Historically, the Pakistan Stock Exchange (KSE-100) reached an all-time high of 41,464 in October of 2016 and a record low of 538.89 in June of 1990. In spite of deteriorating political condition and low levels of foreign investment and slow growth and underdevelopment. Pakistan has succeeded in attracting very positive reviews between January and July 2016 from numerous Western media houses, the World Bank and the globally-acclaimed credit rating agencies like Moody’s, etc.
In July 20, 2016 Pakistan has beaten major Asian economies in stock market performance as the country’s benchmark equity Index, the KSE-100, has been the fifth best performing throughout the world. In 2016, Pakistan’s benchmark equity Index, the KSE-100, has been one of Asia’s best performing. In fact, it is the fifth-best performing stock index globally. Bloomberg even referred to Pakistan as an Asian ‘tiger,’ in a report.”
The eminent media outlet, which is run by 175 staffers pulled from prominent journalism brands like Bloomberg, the New York Times, the Economist and the Wall Street Journal, etc, has added: “The Karachi Stock Exchange (KSE) — also known as the Pakistan Stock Exchange — has stood out in recent years, despite a troubled political and security environment.
At present improving political and financial stability is helping revive Pakistan’s stock markets.
Morgan Stanley Capital International (MSCI) emerging markets index first included Pakistan in 1994.
In 2002, the KSE was shut down due to a stock market crash. Six years later, in 2008, it was temporarily closed following the global financial crisis. In view of this, MSCI dropped Pakistan out of the emerging markets index till this year.
Now both Pakistani and foreign investors have regained confidence in the country’s equity markets. Investment in infrastructure, government spending, is making Pakistani markets attractive to investors.
The Chinese have announced large investments in the country which will boost trade and make critical infrastructure, such as power, easily available to individuals and industries alike.
Moody’s assessment of Pakistan’s “Moderate” economic strength encompasses the sovereign’s very low per capita incomes and the large size of its economy.
Economic output, previously anemic, has picked up over recent years and is now rising at a relatively healthy pace. GDP growth has edged up to average 4.1 per cent year-on-year since fiscal year 2014, from 3.4 per cent between fiscal years 2010-13.
The implementation of the China-Pakistan Economic Corridor (CPEC) will likely support activity further, and in concert with energy sector reforms will improve the operating environment for investment.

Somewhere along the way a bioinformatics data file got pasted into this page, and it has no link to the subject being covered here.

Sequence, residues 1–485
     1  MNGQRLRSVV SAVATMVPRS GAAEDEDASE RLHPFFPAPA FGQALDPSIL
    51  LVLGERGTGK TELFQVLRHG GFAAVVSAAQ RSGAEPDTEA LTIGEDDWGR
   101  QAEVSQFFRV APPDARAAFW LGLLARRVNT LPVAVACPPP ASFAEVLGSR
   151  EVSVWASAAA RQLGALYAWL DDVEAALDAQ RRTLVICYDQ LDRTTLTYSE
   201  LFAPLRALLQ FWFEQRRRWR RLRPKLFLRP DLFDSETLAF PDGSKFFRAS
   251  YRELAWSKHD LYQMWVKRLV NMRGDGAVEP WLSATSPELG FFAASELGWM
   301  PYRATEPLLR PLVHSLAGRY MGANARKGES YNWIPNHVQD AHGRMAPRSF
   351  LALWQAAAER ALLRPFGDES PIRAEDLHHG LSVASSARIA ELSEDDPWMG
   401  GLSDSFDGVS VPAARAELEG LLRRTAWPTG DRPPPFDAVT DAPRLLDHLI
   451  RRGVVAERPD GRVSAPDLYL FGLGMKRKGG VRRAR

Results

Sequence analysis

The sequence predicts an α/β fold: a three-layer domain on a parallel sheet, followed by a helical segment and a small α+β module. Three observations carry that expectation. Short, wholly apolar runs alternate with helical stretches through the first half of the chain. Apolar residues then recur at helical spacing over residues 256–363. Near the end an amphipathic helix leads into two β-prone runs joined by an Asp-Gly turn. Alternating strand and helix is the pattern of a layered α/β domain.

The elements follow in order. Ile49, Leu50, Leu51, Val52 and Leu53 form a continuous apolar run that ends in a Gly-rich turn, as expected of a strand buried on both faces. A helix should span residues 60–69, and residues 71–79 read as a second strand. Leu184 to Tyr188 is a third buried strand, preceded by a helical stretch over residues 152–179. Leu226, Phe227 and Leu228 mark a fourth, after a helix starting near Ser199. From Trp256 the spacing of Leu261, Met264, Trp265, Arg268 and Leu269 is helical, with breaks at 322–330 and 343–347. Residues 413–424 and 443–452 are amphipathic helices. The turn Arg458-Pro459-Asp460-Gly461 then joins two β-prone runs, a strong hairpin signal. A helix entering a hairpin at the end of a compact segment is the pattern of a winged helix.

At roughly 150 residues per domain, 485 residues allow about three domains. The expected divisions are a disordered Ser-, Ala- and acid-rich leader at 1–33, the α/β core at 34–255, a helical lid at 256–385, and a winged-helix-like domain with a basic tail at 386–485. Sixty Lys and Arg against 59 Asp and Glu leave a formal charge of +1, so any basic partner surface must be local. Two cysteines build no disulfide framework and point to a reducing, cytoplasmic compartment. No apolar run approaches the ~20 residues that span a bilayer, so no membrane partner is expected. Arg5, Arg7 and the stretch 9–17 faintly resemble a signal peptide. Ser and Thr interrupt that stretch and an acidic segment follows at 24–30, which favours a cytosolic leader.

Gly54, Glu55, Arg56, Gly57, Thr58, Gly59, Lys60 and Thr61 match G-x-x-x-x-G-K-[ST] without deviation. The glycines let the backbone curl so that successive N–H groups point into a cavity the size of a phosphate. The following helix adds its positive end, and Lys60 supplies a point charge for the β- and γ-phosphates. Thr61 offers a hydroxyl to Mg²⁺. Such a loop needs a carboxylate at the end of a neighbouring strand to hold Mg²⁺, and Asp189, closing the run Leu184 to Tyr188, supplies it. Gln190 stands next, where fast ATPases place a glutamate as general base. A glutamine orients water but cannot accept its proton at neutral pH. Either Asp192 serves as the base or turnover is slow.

July 14, 2016 report of a renowned American media house Bloomberg had termed the Pakistan Stock Exchange (PSX) the best of the Asian markets. The Bloomberg report had contended: “Pakistan has regained the ‘tiger’ status in the region with 15 percent rise and increasing rate of annual growth.”
The report had stated that the Pakistani economy was moving ahead to even stronger points with stable output.
According to the report, inclusion of Pakistan in countries with emerging markets status will increase foreign investment significantly.
The American media house had said that transnational investors were considering Pakistan the best market for gains after reduced performance of the Chinese economy and interest rates in the United States.
Prime Minister Nawaz Sharif averted an external payments crisis in 2013 through a loan programme of the IMF and is dedicated to boosting economy to its fastest pace of the decade.
The World Bank President Jim Yong Kim had opined that Pakistan was on the path of increased economic growth and prosperity. He applauded the prudent economic policies of Pakistan government, saying that the country’s economic outlook had become stable which was the result of the efforts of its financial team.
In the fiscal year 2015, we saw improved investor participation at the bourse. Although the market’s average. daily traded volume increased by a mere 1 percent year on year in fiscal year 2015, the average daily traded value increased by an encouraging 27 percent .
Pakistan’s equity market has been consistently beating China and India’s markets over the last 5 years. Even this year, Pakistan’s stock exchange outperformed India and China’s stock exchanges. The difference was almost 2 to when compared to China’s stock exchange performance this year alone.
This is surprising as Pakistan is a country known to be plagued by a large number of terrorist attacks and political instability. Pakistan also lags behind India and China in GDP growth rates and unemployment for example.
China and India are comparatively much stable markets. A key reason for higher stocks is due to foreign investments that Pakistan is receiving from a few sources.
China’s markets did not receive any foreign capital due to the return of strict government policies, resulting in decreased investor confidence in the country. Slow progresses with reforms in India have also hurt their growth rate.
Pakistan recently went from Frontier market status to Emerging market status. This is determined to attract even more foreign investment of more than $500 million in value.
A reason why terrorist attacks did not affect stock exchange performance is that they don’t directly affect them unless they are disruptive to trade.
Pakistan used to be a frontier market during the last 5 years and was therefore favored by the numbers game.
A number of domestic acquisitions from foreign suitors like the acquisition of Karachi’s K-Karachi by Shanghai Electric Power Co were also supportive of market reform efforts by Pakistan. These factors have helped Pakistan attract foreign exchange and attention as well.